Blanching essentially means to partially or fully cook foods in boiling water or stock. Items may be refreshed in ice water after being blanched or simply removed and served. Blanching is used to soften some vegetables for further cooking in another form, i.e. cabbage for cabbage rolls or asparagus for grilling. Blanching is the ideal way to cook green vegetables and enhances their colour and flavour. It can also be used to slightly soften certain foods to facilitate the removal of their skins, i.e. tomatoes and almonds
- Fill the pot with water and add a few pinches of salt.
- Place on high heat.
- If the food is to be consumed immediately after blanching skip the following step.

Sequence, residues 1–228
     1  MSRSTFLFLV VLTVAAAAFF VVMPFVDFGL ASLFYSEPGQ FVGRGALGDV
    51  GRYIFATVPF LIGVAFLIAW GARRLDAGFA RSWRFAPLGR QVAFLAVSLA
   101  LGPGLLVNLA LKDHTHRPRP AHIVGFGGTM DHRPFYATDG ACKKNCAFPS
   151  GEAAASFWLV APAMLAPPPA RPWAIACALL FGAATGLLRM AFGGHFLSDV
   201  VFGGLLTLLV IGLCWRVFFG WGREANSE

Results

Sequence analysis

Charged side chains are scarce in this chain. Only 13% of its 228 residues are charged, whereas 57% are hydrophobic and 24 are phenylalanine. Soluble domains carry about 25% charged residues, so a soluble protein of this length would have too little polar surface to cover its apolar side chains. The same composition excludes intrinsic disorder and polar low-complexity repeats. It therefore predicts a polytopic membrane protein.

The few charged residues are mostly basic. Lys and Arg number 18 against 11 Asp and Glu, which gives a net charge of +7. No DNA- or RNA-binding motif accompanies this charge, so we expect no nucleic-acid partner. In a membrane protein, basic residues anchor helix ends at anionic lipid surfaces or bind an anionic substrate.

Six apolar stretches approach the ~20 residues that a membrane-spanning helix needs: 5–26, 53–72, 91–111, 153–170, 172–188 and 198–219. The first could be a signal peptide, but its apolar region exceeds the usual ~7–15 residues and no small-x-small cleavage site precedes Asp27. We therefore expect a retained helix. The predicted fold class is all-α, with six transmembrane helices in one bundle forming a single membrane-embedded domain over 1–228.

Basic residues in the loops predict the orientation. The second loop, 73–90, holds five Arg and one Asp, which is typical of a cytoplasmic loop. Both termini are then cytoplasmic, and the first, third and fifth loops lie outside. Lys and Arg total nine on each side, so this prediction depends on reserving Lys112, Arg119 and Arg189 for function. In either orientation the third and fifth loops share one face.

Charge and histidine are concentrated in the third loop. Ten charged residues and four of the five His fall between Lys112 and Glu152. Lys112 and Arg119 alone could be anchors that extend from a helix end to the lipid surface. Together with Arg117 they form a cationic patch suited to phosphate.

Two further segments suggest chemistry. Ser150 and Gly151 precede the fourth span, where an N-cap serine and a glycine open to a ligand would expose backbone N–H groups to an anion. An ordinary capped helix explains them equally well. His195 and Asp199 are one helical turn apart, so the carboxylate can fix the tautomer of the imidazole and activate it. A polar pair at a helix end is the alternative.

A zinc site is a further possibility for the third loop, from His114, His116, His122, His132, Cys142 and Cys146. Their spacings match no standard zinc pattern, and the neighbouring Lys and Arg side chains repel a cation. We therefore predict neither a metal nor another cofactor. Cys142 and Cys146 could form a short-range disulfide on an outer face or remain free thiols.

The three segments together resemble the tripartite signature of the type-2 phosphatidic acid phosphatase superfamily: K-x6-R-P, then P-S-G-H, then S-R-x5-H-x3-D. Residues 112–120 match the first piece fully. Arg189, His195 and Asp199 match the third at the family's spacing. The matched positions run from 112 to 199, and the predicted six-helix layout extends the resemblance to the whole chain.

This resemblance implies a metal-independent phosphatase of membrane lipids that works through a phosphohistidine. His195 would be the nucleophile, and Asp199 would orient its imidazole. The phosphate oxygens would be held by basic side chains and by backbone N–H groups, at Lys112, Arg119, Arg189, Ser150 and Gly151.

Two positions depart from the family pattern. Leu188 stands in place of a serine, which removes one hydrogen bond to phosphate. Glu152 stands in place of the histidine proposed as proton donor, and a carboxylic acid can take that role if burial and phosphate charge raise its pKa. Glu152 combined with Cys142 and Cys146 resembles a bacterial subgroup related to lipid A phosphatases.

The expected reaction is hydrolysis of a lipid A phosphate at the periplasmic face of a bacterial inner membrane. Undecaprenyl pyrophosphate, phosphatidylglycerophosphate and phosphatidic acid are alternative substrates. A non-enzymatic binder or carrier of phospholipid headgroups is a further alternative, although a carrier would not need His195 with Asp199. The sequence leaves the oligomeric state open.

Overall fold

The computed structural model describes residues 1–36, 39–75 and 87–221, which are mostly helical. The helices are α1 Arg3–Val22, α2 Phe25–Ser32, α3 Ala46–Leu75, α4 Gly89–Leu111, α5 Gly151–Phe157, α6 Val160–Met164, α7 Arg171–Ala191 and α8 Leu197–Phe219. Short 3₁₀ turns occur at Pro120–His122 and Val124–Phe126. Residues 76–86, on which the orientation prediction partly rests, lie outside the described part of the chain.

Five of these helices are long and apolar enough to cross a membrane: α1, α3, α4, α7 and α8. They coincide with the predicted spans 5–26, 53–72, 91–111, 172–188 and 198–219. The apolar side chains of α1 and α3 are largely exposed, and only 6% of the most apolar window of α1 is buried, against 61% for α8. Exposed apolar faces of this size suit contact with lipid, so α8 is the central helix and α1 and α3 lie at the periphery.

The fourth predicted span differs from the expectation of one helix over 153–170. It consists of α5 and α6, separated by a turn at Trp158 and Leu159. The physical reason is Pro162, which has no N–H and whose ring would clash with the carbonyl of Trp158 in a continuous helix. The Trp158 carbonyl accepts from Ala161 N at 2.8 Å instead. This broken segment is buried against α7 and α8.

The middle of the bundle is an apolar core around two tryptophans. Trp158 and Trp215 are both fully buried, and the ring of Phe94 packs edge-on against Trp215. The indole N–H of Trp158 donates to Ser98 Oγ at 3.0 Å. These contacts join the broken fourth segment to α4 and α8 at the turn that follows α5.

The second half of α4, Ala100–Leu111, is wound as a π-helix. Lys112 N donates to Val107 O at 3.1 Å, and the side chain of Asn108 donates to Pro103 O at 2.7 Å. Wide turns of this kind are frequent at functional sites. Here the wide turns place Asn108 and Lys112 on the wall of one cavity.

- Half fill a large bowl or pot with ice cubes and add cold water until approx 2/3rds full.
- Once the water is at a rapid boil add the vegetables or whatever foods you are blanching.
- Once the food is cooked to your liking, remove it from the water and immediately place it in the ice water, (this is the stage known as refreshing and arrests the cooking process and locks in the colour and flavour).
- Once the food is cool throughout it can be drained and set aside to be reheated later or eaten as is.
- If blanching root vegetables of any kind, i.e. carrots, it is recommended that you place them in cold water and then place that on high heat until boiling then remove when desired tenderness is achieved.